A disused call centre in an industrial area of Calabria, Southern Italy, has been transformed into a highly-secure courtroom for the purpose of the so-called Riniscita Scott operation – the biggest mafia trial in Italy in almost three decades that started on Wednesday.
The building will house some 355 defendants, 900 witnesses and 700 lawyers, according to news agency AFP. Allegedly, the defendants are all members of one of Italy’s four large mafia groups – the ‘Ndrangheta – which has had links to crimes in Malta in the past.
In 2015, six companies registered in Malta had their assets seized as part of a clampdown by Italian police on illegal gaming activities and money laundering linked to the Calabrian group.
Further links were discovered by the press, revealing a number of other Italian nationals on Italian prosecutors’ list of wanted people who have companies and home addresses in Malta. The alleged mafia-linked companies were surrounded by an intricate web of fiduciary companies established in Malta.
In December, the crime syndicate made headlines in local media again when Roberto Recordare, a businessman from Calabria, was reported by Italian media ANSA to have been caught talking about his interests in Malta during calls that were intercepted. He is believed to have been a “confidential subject reserved by the ‘Ndrangheta” and owns two companies registered in Malta.
The phone taps also allegedly caught Recordare threatening the life of Giulia Pantano, a prosecutor in Reggio Calabria, when he referred to a possible bomb attack. ANSA also reported that Recordare referred to the assassination of investigative journalist Daphne Caruana Galizia where he said that “they were still picking up her pieces in Malta”.
The group is made up of approximately 100 “families” in the region. But it is the Mancuso family which is currently the focus of proceedings. On Wednesday, 355 defendants began their trial, including the family head Luigi Mancuso, who is also known as “the uncle”.
“Sweetie”, “The Wolf” and “Fatty” are some of the other nicknames of the defendants, according to the Organised Crime and Corruption Reporting Project (OCCRP).
The crimes which the defendants are being prosecuted for include drugs and arms smuggling, extortion, and being members of a mafia group.
According to Italian media reports, the level of security is “impressive”, and includes deployed patrols at motorways and a helicopter flying over the area keeping watch. Extensive COVID-friendly measures, including 150 video connections are also in place.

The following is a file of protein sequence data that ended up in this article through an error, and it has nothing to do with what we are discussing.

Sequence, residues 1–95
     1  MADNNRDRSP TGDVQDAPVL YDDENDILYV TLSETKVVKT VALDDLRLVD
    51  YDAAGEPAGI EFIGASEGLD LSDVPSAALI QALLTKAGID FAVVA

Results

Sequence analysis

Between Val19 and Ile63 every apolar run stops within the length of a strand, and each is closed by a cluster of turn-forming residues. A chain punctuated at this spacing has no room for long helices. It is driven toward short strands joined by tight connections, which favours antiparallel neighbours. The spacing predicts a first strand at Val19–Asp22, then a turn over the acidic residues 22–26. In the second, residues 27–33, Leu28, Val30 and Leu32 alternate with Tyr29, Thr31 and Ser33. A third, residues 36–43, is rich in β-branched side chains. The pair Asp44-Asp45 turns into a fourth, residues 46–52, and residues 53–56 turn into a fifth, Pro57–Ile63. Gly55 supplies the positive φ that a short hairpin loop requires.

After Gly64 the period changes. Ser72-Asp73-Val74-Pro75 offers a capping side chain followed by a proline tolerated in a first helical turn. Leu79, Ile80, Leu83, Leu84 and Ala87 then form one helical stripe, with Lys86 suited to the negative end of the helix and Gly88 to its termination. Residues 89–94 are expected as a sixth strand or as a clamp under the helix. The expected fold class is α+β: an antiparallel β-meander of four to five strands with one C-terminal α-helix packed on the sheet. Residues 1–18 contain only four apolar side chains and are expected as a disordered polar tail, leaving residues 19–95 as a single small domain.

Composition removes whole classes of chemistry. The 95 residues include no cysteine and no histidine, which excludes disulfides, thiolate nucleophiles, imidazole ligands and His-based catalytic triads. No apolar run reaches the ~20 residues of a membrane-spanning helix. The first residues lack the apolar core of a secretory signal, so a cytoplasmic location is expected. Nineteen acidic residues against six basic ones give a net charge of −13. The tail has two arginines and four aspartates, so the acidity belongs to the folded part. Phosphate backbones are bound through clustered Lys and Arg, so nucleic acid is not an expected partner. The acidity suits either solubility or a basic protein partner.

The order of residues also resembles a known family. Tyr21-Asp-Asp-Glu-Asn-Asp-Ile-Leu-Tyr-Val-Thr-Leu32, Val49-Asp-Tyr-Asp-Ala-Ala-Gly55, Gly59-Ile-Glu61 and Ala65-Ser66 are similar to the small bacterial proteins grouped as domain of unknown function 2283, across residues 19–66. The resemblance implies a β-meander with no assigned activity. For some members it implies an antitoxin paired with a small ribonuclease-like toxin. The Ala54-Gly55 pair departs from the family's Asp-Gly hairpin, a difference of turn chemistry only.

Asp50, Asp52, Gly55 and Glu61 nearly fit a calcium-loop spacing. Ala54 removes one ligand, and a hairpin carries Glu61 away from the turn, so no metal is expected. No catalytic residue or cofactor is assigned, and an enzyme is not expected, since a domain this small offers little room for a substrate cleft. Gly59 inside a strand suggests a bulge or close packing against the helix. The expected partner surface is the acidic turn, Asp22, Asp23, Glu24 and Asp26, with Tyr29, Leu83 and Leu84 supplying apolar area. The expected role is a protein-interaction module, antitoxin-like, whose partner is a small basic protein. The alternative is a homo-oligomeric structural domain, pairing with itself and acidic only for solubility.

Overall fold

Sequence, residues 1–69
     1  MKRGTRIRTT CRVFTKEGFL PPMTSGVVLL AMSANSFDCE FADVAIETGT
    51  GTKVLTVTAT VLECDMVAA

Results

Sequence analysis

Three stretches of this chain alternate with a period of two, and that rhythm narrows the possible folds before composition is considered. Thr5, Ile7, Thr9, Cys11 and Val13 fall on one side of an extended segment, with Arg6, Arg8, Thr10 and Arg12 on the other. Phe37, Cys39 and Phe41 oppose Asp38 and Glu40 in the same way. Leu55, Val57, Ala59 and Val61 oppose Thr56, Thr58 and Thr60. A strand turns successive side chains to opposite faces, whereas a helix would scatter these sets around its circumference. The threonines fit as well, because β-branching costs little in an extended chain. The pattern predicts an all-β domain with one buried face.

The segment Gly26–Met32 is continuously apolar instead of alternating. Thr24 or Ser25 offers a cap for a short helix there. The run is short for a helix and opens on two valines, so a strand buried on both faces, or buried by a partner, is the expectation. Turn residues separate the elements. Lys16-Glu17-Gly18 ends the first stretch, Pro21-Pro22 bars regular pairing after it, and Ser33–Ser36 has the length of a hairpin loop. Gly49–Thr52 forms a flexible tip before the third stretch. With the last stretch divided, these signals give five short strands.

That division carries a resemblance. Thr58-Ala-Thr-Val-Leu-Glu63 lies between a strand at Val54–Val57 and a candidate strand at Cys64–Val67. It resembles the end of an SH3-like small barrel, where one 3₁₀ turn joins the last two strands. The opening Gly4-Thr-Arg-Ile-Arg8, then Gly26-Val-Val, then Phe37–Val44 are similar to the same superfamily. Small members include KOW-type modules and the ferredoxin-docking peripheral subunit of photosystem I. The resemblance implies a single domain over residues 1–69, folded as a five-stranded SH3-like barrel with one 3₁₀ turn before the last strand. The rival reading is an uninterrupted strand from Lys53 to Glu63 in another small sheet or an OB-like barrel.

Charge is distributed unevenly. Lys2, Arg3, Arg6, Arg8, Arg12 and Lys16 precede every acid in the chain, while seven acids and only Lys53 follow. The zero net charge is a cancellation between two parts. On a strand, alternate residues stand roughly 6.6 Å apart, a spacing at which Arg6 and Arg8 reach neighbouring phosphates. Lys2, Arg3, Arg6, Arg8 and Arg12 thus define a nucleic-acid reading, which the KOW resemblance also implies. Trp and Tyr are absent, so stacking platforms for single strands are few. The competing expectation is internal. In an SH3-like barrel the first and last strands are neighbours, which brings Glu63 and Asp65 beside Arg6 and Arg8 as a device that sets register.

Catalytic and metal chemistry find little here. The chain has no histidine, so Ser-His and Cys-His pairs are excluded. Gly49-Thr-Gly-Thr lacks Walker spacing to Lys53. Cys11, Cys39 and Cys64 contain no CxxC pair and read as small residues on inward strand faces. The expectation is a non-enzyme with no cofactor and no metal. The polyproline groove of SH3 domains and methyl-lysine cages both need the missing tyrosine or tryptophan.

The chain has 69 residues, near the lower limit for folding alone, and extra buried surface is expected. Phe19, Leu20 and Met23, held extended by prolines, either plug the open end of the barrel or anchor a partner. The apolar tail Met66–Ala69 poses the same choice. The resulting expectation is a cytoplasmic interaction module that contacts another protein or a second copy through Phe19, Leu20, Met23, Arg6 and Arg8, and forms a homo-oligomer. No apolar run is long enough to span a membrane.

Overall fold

The last time proceedings of such proportion against mafia-linked groups were witnessed was in the 1980s until the 1990s which focused on the Corleonesi clan of Sicilian mafia Cosa Nostra, which controlled Sicily. The court case had taken on 475 members.
That period also made way for, what the OCCRP has described as “an unprecedented period of mafia-sponsored terror” which had resulted in the assassinations of prosecutors Giovanni Falcone and Paolo Borsellino in 1992.
According to the OCCRP, the ‘Ndrangheta has now outpaced its Sicilian counterparts as Italy’s most powerful criminal group.
The importation of drugs, especially cocaine, is said to fuel the organisation. In a Sky News interview with chief prosecutor Nicola Gratteri, Gratteri said that the group almost has a monopoly on European cocaine imports.
Calabrian Gatteri, 62, has lived under police protection for some 30 years due to his work as an anti-mafia prosecutor. Reports state that Gratteri has been referred to as “a dead man walking” by some mafia members. Yet he refuses to be intimidated.
“Sacrifices are made if you believe that you are on the right side and that you are doing something useful to the community,” Gratteri told Sky News.
‘Ndrangheta is not the only mafia clan linked to Malta, described as the “ATM for the Italian mafia” by the Investigative Reporting Project Italy (IRPI).
IRPI said that when online gaming systems are controlled by organised crime they can essentially function as ATMs for criminals. “This is the conclusion reached by anti-mafia prosecutors in Palermo, who in February 2018 cracked down on a vast Maltese gambling network allegedly linked to families belonging to the Cosa Nostra, Sicily’s infamous mafia organisation,” IRPI said.
Investigations into two major and seemingly unconnected scandals in Malta also had another common link – a mafia clan in Sicily that thrived on the lax supervision of Maltese authorities.
‘Operation Beta’ by the Italian Carabinieri in 2017 led to the arrest of 30 individuals as part of a major clampdown on illegal gaming activities and money laundering linked to the Sicilian mafia family Santapaola-Erculano.
Almost a year later, the Italian police arrested individuals involved in an operation including Sicilian, Maltese and Libyan individuals smuggling Libyan fuel into the European market. Again, a link to the Santapaola-Erculano emerged.
Sicilian Nicola Orazio Romeo is one of the accused in the case involving Darren Debono and Gordon Debono who, together with Libyan ‘smuggling king’ Fahmi Bin Khalifa, was arrested for smuggling fuel from Libya and selling it as regular fuel in Europe through an Italian trader.